How to Insulate A Suspended Floor
If you have access to underneath the floor in question, then installing insulation will be easy and less time consuming compared to laying insulation above the floor. If you lay the insulation above the floor, then this will require the lifting of floorboards to insert the insulation product within. If your only option is to add insulation from the top, then this is still a relatively simple process but may take longer and more carefully planning will be required before commencing as damage to the floor is likely if rushed. Avoid taking up all the floor boards in one go as you may forget the layout resulting in the overall finished look again not looking quite as good as previously. Only remove a couple of floor boards at a time to ensure you are replacing the right floor boards back to their rightful positions.
If you are lucky enough to have access to underneath the floor via a below access, then the simplest method will be to add a blanket-type insulation in between the joists of the floor such as our Rockwool Flexi Insulation Slab which is a fantastically easy method to add insulation in between under-floor joists. If you would like to add even further insulation, an additional option is our range of Insulation Boards of which can be easily fixed to the undersides of the joists and flexi insulation wool. This will help to maintain the heat further in extreme temperatures.
To gain full benefit of any product, it is important to ensure that all gaps have been filled with your choice of insulation. The insulation product alone will not be enough to cease all draughts and cold patches, it must be used in the correct manner intended to allow it to work to its full potential.
How to Insulate A Solid Floor
As mentioned above solid floors are more limiting in their insulation options. Due to their natural materials such as tiles, stone, marble and other varieties forming their construction and being laid traditionally directly on the ground they do tend to get damp and cold. When laid, the flooring would have been permitted to receive some circulation of air to prevent moisture and water droplets from becoming stationary and contributing to larger damp problems such as mould and water retention within your home however this doesn’t help with the extreme cold spots in the winter months.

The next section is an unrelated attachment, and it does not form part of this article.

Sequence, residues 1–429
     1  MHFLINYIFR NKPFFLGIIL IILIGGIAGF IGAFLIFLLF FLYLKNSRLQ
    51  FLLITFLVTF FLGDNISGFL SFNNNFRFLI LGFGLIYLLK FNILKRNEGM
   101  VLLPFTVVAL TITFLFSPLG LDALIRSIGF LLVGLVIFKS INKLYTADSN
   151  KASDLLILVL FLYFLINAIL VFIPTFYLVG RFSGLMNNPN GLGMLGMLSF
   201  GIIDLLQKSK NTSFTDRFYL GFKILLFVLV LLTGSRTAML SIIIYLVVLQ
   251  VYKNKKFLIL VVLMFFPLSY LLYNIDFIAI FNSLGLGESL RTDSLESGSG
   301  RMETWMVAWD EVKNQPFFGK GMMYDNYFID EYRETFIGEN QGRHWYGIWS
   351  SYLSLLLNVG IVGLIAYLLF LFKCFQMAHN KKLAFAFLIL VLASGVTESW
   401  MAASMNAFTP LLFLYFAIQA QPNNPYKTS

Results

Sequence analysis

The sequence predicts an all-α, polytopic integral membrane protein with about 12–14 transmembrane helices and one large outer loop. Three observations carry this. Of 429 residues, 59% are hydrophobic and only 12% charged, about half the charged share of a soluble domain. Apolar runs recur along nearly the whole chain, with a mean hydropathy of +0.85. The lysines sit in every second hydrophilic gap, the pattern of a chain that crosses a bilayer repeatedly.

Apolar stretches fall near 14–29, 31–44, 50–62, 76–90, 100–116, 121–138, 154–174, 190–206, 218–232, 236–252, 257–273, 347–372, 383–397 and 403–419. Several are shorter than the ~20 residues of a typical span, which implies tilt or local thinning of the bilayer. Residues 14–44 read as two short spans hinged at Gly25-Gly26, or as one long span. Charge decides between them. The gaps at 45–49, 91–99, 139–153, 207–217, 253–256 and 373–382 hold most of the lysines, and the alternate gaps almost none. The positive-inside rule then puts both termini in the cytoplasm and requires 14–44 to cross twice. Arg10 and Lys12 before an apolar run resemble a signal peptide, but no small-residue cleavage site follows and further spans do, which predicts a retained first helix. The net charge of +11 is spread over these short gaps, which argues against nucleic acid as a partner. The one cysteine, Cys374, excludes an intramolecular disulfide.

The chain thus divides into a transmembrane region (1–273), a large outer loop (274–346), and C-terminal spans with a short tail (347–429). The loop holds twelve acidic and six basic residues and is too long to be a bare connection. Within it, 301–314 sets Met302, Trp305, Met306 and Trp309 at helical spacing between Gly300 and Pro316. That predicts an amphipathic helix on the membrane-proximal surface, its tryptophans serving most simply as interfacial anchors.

Due to the significant threat of long-term damage by lifting solid flooring up you may feel this is not an option for you however there are other easier alternatives to consider if you are looking to move away from the solid flooring look by adding a carpet on top in rooms such as a sitting room, dining room or hallway. When choosing a carpet to cover a solid floor, opt for a breathable material. Avoid using a covering which has a rubber backing or is waterproof as this will only potentially trap moisture over a length of time causing you problems of damp later down the line.
Using a carpet to cover a solid floor can be insulated prior using a rigid form of insulation foam as mentioned above with our Insulation Boards. Easy and quick to lay, together with your choice of covering i.e. carpet will make a dramatic difference to your home and minimising heat lost.
We hope you have enjoyed reading our guide to ‘How to Insulate Floors in Old Homes’. If you do require any assistance at all regarding any of our insulation range please don’t hesitate to join our skilled team on Live Chat, dropping us an e-mail or giving us a call where we are always happy to help.